AirVenture’s Last Day

Wayne Flury is co-chairman of the announcer’s stand and a homebuilder.

AirVenture is an organism that obeys no calendar. The Friday prior to this year’s opening the airport was as full as I’ve ever seen it. The announcer stand was active and the voice of my friend and fellow homebuilder Wayne Flury—one of two voices you’d recognize as a voice of EAA—was projecting from the flightline’s speakers. Food vendors were open and serving. Food could be difficult to find in previous years. People were everywhere. Everywhere. I dare say if one were dropped on the AirVenture grounds any of the three days leading to opening day they’d be hard pressed to say if the official convention had begun or not. The only giveaway would be the many vendors and contractors still placing airplanes, arborvitaes and wood chips in booths.

Rachel Weseman of Sport Performance Aviation and Mark Schaible of Sonex take full advantage of Vendor Bonding Day.
Arion Aircraft suffered elevator damage during Friday night’s storm. Sunday morning the repairs for the flight home were being finalized.

In contrast, the last day has vast areas of empty, trampled grass where airplanes once sat. There is a football field of open space between the few remaining Mustangs and the last remaining P-40 in Fightertown. Homebuilt camping is dotted with the few remaining campers, mostly drying their equipment to avoid carrying eight pounds of water home in their towels, tents and sleeping bags. Most food vendors are closed but, unlike previous years when food was nearly impossible to find on Sunday, one did not need to look too hard to find sustenance. Some vendors were packing up; some were gone. Those vendors had little to offer us homebuilders, anyway. The voices of EAA were muted as a crew of volunteers efficiently fell one speaker pole after another as they worked the flightline from north to south. Somehow, the last day of AirVenture is also the coolest. I could pause to tie a shoe without disrupting the flow of people. The last day is my favorite day.

The exhibit buildings are open and airy on the last day. No need to fight Saturday’s crawling masses if you stay until Sunday.

I’ve written in the past that vendors call the last day Vendor Bonding Day. While some vendors see the last day as a waste, I disagree. Over the many years I worked for Sonex I saw enthusiastic people come on the last day–the only day their schedule allowed them to attend—just to explore the Sonex. I’m sure other vendors have experienced the same. (I once bought a book out of Marge Bong Drucker’s truck just before she drove away. Marge was Dick Bong’s wife. Dick Bong is America’s leading Ace with 40 victories. Marge’s high school photo was on Bong’s P-38. She was known as “the most shot-after girl in the Pacific.”) It’s a win-win for serious customers and vendors alike as conversations can be carried on without interruption.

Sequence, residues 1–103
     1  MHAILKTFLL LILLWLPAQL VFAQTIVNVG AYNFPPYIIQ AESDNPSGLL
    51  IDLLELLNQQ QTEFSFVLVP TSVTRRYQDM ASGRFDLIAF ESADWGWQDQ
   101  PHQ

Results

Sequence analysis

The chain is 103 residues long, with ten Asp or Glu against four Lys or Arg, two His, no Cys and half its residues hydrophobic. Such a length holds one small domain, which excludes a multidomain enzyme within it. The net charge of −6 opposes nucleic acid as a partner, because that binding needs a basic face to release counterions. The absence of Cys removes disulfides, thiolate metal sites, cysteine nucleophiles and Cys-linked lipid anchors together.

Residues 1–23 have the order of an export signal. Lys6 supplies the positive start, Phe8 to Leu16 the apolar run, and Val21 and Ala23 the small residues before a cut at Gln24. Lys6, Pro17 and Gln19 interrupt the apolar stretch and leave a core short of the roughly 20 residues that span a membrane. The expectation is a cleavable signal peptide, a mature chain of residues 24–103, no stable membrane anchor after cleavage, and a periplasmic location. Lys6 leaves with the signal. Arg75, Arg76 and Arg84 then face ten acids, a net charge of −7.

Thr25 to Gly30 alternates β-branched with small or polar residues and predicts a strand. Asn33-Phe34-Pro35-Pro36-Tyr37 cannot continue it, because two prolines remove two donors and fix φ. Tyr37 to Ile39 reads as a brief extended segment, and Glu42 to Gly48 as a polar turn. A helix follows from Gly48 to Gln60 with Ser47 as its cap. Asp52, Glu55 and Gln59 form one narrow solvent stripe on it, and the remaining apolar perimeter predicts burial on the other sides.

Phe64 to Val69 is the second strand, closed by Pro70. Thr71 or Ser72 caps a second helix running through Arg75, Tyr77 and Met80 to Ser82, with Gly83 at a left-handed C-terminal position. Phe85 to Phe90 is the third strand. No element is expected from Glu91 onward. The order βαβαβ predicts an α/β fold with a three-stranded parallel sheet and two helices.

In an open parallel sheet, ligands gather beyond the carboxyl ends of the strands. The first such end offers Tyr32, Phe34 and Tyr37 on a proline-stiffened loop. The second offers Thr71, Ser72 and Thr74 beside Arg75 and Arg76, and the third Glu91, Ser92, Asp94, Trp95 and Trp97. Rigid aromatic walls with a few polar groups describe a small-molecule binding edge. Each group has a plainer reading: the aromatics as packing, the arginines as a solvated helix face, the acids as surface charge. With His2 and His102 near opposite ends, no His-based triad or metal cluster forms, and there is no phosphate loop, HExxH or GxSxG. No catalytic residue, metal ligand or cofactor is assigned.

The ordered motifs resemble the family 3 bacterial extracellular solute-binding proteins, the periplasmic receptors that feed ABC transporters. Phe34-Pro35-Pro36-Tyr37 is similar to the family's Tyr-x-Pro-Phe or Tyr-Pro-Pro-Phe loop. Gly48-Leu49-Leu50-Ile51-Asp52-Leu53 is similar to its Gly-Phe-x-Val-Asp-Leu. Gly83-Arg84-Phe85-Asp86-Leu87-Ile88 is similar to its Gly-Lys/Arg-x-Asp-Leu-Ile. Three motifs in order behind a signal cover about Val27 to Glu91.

A last minute repair was needed before this RV could carry its owner home. (left) A camper dries their gear before departure. (right)
The chairs in the forum buildings are folded and stacked in hopes that AirVenture 2024 soon will be there.

It’s also true that vendors can be worn out from the week and, facing booth break-down and the long trip home, are less-than-thrilled when someone with questions comes at 11 AM on Sunday. That’s the price of doing business at AirVenture. I hope no homebuilders were disenfranchised by vexed vendors. As for me, I explored a teardrop trailer kit—coincidently designed by a Sonex owner I once supported—and haggled for two aluminum prop blades I will polish and display in some manner in my home. Mostly, I soaked up the atmosphere and the wonder of it all while mourning its end. As I write this on Monday morning, with a stray military jet compelling my nose to my kitchen window as it departs for home, my thoughts are already on next year.

The RV-15 got fitted with running shoes for the flight home.

There will always be a last day at AirVenture. Over the years EAA has played with the convention’s length and both starting and ending days to make the last day viable. I think they’ve done about as well as they can. I shall close this report as it opened; AirVenture is an organism that obeys no calendar.

Sunday morning Boeing Plaza was still populated with Lockheed aircraft.
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Kerry Fores
Kerry Fores was born and raised in Oshkosh, WI and was interested in homebuilding by age 12. Between 1998 and 2003 he scratchbuilt and polished a Sonex, which he named Metal Illness. Kerry logged nearly 500 hours in Metal Illness and was awarded Plans Built Champion at AirVenture 2006. Kerry is retired from a 21-year career at Sonex Aircraft, most of it dedicated to supporting builders. Kerry is on the web at


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